Conditions improve a touch but still very difficult
Business conditions (net balance)
20

10

0

-10

-20

-30

-40 II III 2010 IV I II III IV I II III IV I II 2011 Seasonally adjusted Conds 1990s recn 2012 Trend Conds GFC 2013

Average of the indexes of trading conditions, profitability and employment.

Confidence falls back
Business confidence (net balance)
20

10

0

-10

-20

-30

-40 II III 2010 IV I II III IV I II III IV I II 2011 Seasonally adjusted Conf 1990s recn 2012 Trend Conf GFC 2013

Excluding normal seasonal changes, how do you expect the business conditions facing your industry in the next month to change?

Business conditions by industry. Despite only a minor tick up in overall activity in April, conditions improved markedly in mining (up 17 to +4 points), retail (up 15 to -8 points) and manufacturing (up 14 to -21 points). While the improvement in mining activity is a little surprising given the extent of falls in commodity prices over April, it is possible that the impact of earlier floods and cyclones has now subsided, providing some relief to miners. Transport & utilities and finance/ business/ property were the only industries to report a (moderate) deterioration in activity in the month – both down 4 points – with activity in the latter falling to its lowest level since June 2009. While parts of the property segment are probably benefiting from an improved housing market, it is possible that finance firms’ margins have deteriorated in the low interest rate environment. Overall activity in the consumer dependent sectors (with the exception of recreation & personal services) remained poor in April, indicating the need for further stimulus to be injected into the economy, either through monetary policy settings (and we have seen another rate cut on 7 May) or via fiscal easing, in order for the economy to regain its growth momentum.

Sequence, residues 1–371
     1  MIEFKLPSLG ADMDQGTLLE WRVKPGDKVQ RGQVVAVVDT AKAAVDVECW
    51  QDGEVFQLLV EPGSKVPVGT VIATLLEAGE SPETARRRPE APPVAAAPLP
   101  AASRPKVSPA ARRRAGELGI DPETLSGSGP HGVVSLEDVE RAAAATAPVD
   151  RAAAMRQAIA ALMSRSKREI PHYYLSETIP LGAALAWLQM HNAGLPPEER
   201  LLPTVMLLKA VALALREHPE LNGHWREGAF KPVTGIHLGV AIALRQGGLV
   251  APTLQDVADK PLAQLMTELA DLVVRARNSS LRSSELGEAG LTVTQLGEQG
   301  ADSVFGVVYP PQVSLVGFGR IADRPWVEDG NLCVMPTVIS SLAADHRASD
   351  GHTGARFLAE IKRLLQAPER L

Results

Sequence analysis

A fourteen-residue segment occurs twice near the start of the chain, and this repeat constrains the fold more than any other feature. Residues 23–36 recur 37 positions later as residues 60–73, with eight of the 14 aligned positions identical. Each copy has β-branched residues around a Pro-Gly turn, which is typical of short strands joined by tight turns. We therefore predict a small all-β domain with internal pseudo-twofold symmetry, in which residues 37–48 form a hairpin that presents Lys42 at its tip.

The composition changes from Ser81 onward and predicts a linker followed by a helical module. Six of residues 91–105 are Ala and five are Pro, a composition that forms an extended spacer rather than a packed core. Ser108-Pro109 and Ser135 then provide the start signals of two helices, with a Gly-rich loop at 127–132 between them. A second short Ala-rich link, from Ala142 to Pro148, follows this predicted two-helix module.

2

Embargoed until 11:30am Monday, 13 May 2013

Analysis (cont.)